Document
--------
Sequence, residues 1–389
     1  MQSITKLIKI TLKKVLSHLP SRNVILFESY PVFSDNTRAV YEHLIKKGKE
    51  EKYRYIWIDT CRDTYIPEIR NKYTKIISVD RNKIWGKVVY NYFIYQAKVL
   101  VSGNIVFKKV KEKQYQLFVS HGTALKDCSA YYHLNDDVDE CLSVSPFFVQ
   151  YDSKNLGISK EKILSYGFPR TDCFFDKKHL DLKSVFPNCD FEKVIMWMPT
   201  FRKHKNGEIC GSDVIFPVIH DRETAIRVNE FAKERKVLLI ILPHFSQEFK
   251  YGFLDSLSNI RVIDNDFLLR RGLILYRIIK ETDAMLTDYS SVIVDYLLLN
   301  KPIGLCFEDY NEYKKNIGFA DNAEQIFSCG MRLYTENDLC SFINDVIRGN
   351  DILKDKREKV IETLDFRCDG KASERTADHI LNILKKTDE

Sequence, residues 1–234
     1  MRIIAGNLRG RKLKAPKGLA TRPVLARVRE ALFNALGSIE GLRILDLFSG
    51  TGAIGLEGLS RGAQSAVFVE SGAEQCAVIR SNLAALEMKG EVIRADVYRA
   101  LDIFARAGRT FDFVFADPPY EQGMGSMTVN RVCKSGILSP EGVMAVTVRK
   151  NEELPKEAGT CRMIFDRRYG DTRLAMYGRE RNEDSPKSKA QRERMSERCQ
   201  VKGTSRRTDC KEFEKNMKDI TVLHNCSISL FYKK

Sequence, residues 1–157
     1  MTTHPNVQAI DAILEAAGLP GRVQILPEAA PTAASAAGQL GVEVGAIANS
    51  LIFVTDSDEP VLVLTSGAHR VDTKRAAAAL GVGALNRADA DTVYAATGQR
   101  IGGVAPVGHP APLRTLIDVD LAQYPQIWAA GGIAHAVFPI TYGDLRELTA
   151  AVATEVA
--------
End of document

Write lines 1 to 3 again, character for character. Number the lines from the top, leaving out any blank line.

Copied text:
Sequence, residues 1–389
     1  MQSITKLIKI TLKKVLSHLP SRNVILFESY PVFSDNTRAV YEHLIKKGKE
    51  EKYRYIWIDT CRDTYIPEIR NKYTKIISVD RNKIWGKVVY NYFIYQAKVL